Naturalistic Paganism is a form of Religious or Spiritual Naturalism. A “naturalistic” religion or spirituality is one which seeks to explain the universe without resort to supernatural causes. For most Naturalistic Pagans, “naturalistic” is more or less synonymous with “scientific.” In general, Naturalistic Pagans adopt the most current scientific explanations of natural phenomena and are skeptical of any claims that are not supported by mainstream science. Thus, Naturalistic Pagans are skeptical about things like magic, psychic abilities, communication with spirit entities, attributing intention to inanimate nature, etc. — beliefs that many other Pagans are comfortable with.
To the extent that Naturalistic Pagans speak about “magic” or “gods”, we tend to use these words differently than other Pagans. For example, Naturalistic Pagans may understand “magic” as a kind of psychological technique. Or we may understand “gods” as metaphors for natural phenomena, as psychological archetypes, or as symbols for all that is beyond human control (Brendan Myers uses the term “Immensities”). For example, a Naturalistic Pagan may offer a prayer to the Egyptian god Ra or the Greek god Prometheus, seeing them, not as literal personalities, but as metaphors for the life-sustaining power of the Sun or the human drive to discover.
Just as Religious Humanism posits that human experience and reason are sufficient basis for ethical action, so Religious Naturalism posits that the scientific understanding of the material universe is a sufficient basis for the awe and reverence which motivate religious worship. As Carl Sagan has written:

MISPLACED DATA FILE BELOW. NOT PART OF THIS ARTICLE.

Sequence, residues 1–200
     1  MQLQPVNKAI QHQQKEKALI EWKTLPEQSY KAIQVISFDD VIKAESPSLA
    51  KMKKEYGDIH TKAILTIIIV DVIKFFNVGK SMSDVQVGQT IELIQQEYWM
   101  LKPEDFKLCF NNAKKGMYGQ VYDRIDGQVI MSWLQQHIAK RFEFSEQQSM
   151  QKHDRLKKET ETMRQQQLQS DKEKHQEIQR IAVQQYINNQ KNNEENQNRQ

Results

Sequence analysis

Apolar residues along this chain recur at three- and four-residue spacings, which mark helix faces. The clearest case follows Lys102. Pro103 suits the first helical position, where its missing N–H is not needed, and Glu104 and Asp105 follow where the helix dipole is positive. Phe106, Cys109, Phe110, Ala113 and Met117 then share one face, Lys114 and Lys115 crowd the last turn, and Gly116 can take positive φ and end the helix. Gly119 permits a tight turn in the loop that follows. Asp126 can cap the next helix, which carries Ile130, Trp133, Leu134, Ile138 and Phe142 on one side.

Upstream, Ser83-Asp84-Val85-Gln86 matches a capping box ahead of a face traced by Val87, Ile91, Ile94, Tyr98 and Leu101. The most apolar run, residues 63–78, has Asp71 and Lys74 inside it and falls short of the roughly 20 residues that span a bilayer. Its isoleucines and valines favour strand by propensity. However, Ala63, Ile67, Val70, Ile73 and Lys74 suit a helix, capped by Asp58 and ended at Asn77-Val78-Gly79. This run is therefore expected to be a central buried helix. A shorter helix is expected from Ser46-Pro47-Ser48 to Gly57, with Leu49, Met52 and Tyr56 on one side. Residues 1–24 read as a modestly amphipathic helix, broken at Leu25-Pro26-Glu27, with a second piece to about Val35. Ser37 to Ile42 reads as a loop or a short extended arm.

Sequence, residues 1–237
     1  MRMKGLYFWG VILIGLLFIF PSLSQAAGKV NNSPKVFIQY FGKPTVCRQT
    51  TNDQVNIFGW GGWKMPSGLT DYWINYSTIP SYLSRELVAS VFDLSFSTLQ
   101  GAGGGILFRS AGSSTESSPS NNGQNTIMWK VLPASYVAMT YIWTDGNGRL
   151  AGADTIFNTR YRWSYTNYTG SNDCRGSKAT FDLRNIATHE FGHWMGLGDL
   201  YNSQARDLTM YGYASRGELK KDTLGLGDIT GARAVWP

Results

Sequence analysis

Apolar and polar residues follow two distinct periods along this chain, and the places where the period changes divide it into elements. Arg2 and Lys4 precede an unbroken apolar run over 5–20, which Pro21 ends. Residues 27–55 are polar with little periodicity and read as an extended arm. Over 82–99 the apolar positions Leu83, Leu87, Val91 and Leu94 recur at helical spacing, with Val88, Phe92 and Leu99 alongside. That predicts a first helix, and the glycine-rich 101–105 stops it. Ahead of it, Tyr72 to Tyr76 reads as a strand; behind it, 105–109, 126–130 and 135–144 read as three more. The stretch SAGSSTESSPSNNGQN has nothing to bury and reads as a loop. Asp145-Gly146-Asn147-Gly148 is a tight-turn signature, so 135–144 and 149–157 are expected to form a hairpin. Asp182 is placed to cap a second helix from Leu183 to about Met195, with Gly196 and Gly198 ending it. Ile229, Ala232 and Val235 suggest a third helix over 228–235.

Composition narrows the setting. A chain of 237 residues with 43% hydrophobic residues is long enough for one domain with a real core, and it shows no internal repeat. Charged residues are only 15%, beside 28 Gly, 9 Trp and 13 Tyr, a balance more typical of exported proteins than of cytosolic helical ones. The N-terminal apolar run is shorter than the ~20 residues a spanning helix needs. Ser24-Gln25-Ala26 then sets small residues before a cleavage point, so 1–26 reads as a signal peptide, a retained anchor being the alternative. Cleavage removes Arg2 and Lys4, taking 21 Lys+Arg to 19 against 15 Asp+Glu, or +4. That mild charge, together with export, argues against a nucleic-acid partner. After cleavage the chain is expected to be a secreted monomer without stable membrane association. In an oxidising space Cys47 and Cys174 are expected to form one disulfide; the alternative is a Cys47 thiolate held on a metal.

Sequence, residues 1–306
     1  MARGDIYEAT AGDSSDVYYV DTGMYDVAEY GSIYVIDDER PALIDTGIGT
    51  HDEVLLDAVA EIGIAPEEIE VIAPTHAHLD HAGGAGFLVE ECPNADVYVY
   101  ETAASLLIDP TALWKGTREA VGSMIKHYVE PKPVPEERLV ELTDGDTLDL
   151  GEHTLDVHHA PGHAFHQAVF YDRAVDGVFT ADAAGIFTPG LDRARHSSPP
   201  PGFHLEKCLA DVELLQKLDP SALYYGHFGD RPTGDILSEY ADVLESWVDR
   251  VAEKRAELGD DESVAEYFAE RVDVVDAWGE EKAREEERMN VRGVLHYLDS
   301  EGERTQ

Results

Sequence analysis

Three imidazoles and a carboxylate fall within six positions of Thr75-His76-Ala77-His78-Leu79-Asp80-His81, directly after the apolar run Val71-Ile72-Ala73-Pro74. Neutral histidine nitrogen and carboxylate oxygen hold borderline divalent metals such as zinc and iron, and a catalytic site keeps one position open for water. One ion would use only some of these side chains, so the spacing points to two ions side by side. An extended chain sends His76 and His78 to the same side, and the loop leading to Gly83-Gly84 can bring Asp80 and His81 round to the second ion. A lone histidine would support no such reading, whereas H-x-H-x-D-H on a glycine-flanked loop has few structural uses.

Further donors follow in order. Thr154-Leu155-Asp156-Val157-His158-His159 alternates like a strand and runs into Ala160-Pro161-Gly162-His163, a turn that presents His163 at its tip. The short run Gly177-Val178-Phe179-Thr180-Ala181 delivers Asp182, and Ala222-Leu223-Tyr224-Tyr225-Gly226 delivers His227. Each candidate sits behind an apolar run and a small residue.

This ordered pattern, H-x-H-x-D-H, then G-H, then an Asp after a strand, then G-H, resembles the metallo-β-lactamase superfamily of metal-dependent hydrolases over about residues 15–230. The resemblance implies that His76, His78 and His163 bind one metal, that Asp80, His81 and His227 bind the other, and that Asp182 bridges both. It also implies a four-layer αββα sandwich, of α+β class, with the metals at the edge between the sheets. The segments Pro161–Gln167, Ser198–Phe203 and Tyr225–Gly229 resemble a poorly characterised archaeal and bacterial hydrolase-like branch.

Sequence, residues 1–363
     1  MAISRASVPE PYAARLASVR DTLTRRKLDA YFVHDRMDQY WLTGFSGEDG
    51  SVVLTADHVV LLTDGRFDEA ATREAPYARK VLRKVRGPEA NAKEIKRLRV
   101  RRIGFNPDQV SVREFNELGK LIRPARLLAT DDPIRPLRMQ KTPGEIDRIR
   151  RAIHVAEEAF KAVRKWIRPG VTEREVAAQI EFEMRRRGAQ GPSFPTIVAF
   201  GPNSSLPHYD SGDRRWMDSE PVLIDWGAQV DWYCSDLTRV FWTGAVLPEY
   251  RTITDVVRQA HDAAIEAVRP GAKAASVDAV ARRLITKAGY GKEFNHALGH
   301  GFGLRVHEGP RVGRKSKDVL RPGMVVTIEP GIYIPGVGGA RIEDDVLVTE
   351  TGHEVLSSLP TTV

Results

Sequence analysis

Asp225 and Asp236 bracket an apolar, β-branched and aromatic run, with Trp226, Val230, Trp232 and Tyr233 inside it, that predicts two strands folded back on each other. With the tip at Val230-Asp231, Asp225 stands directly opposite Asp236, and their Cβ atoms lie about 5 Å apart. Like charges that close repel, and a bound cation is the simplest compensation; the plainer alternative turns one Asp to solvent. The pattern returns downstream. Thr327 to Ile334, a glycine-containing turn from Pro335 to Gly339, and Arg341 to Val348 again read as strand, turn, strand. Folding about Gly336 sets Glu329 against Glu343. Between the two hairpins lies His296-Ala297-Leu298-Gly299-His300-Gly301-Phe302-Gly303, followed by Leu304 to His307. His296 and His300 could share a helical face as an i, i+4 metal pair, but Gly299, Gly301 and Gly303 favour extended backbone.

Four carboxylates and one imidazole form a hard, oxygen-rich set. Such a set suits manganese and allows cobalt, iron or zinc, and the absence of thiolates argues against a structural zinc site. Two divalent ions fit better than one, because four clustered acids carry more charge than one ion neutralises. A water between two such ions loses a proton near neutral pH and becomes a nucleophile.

“In some respects, science has far surpassed religion in delivering awe. How is it that hardly any major religion has looked at science and concluded, ‘This is better than we thought! The Universe is much bigger than our prophets said, grander, more subtle, more elegant?’ Instead they say, ‘No, no, no! My god is a little god, and I want him to stay that way.’ A religion, old or new, that stressed the magnificence of the Universe as revealed by contemporary science might be able to draw forth reserves of reverence and awe hardly tapped by the conventional faiths. Sooner or later such a religion will emerge” (Pale Blue Dot: A Vision of the Human Future in Space).